If you have a Suite installed, you may find that these CSV files are duplicated in various locations, to provide support files for 3dsMax and Navisworks. Some of these paths are shown here:

You can browse to the above paths, and start to put together a “consolidated” or “combined” CSV Lookup Table folder, that you may want to maintain in a network location. Once you have collected all of the necessary CSVs, here is how you “install” them:

  1. Determine location to put the CSV files into (usually it will be near your Family Templates folder, a few example paths are provided below)
  2. Create a master folder of all required CSV files (you could maintain a consolidated folder in a network location)
  3. Copy these CSV files to the Pipe and Conduit folder locations (you shouldn’t need to restart Revit).
  4. Open the MEP RVT or template file that you wish to upgrade
  5. Any CSV files that are still missing are the ones you need to find, and put in the Pipe and Conduit subfolders as per steps 1-3.

You could script some of the above steps to aid in deployment.
Revit 2014 Lookup Tables default location:
C:ProgramDataAutodeskRVT 2014Lookup TablesPipe
C:ProgramDataAutodeskRVT 2014Lookup TablesConduit

Revit 2015 Lookup Tables default location:
C:ProgramDataAutodeskRVT 2015Lookup TablesPipe
C:ProgramDataAutodeskRVT 2015Lookup TablesConduit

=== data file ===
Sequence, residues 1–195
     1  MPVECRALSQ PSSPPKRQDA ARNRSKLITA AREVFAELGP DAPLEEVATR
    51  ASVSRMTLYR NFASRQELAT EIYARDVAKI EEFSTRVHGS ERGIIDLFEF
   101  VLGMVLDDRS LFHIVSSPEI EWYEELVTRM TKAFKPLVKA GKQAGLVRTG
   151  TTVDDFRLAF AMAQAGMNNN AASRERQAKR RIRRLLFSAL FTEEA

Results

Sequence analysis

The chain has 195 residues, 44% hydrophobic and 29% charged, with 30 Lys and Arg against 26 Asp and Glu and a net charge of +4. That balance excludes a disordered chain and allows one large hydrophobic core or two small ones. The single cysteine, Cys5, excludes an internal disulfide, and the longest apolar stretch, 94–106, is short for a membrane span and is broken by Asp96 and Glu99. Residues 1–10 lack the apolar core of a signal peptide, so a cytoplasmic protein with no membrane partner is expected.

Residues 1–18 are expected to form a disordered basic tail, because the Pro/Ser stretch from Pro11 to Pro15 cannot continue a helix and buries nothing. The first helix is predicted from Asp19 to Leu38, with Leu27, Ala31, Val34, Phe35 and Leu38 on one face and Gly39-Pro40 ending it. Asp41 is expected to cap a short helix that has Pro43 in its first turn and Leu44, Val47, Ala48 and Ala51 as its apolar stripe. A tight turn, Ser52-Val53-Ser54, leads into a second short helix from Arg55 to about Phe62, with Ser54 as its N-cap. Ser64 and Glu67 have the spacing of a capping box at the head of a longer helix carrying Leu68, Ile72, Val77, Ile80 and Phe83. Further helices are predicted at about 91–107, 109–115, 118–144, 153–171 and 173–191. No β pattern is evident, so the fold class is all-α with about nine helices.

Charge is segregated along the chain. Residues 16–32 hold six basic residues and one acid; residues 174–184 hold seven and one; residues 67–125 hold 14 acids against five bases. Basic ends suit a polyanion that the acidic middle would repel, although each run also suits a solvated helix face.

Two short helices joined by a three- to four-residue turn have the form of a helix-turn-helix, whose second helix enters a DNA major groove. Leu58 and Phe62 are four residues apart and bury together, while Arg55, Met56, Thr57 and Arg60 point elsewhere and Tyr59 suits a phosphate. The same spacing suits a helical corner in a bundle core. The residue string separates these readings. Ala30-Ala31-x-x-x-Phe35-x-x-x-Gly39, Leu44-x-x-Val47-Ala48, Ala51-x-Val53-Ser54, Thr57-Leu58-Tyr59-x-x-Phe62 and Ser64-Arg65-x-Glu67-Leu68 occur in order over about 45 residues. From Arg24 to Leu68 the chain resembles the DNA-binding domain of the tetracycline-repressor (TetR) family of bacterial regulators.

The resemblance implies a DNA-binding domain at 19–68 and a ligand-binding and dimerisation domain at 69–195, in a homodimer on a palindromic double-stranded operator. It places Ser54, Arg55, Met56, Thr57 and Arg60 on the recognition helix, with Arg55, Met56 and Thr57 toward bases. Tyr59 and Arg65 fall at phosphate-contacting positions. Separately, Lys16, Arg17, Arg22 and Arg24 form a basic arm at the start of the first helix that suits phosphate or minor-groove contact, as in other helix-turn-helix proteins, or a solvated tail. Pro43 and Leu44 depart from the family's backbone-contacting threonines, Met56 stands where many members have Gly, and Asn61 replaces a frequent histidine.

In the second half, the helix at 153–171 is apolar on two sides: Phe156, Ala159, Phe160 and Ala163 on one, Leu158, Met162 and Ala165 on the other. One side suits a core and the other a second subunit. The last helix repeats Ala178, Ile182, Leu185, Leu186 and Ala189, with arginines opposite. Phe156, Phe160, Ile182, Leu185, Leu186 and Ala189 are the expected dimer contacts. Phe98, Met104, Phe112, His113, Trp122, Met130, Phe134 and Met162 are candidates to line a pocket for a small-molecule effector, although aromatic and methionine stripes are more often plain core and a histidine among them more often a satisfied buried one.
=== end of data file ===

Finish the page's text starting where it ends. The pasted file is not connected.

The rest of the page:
NOTE: Massive amounts of CSV lookup tables in the default directory may result in slow Revit performance, particularly when starting Revit.

If you want to import Lookup Tables directly into families (and you are perhaps experiencing errors with nested families), this PDF may be of interest.

Finally, you can actually modify Lookup Table location using the revit.ini file, as described here. You could therefore point your Revit installations to a network location containing all of the required CSV files for your firm.

You can download content from Seek and other places online. Sometimes you will find a CSV file, sometimes you may have to export one as per the video below:

There is some related info at:

Feel free to comment if you have any other tips related to Lookup Tables…

Heads-up from Ideate Solutions, originally from Revit Clinic:
tagging the physical wires instead of tagging the device:

  1. draw wires coming off of each connector as small as possible 
  2. (if the wire is short enough, the arrow head will not show up.) You can then 
  3. hide the dot/short line of the wire in the symbology of the family and 
  4. tag it.

Ideate Solutions: Revit MEP FAQ – Tagging Families That Have Multiple Connectors

This can be done with AutoCAD MEP 2015, or Architecture, or similar verticals that have the IFCEXPORT command.

  1. Open AutoCAD MEP
  2. New DWG file
  3. IMPORT -> select SAT file
  5. Open IFC in Revit

The advantage of doing this over importing the SAT directly to a Generic Model family is that the IFC method will result in individual forms for each bit of the SAT file. If there are 1200 forms, you will get 1200 families in Revit. This, in turn, will export to Navisworks with this level of element hierarchy (instead of just one big imported SAT element).

This will also result in higher granularity of clashes when using the converted SAT via IFC method (more forms to clash against).

You probably know that you can attempt to explode a SAT in a Revit family, but I find that sometimes unsupported elements disappear using this method… so I like my way via AutoCAD a bit better at this stage.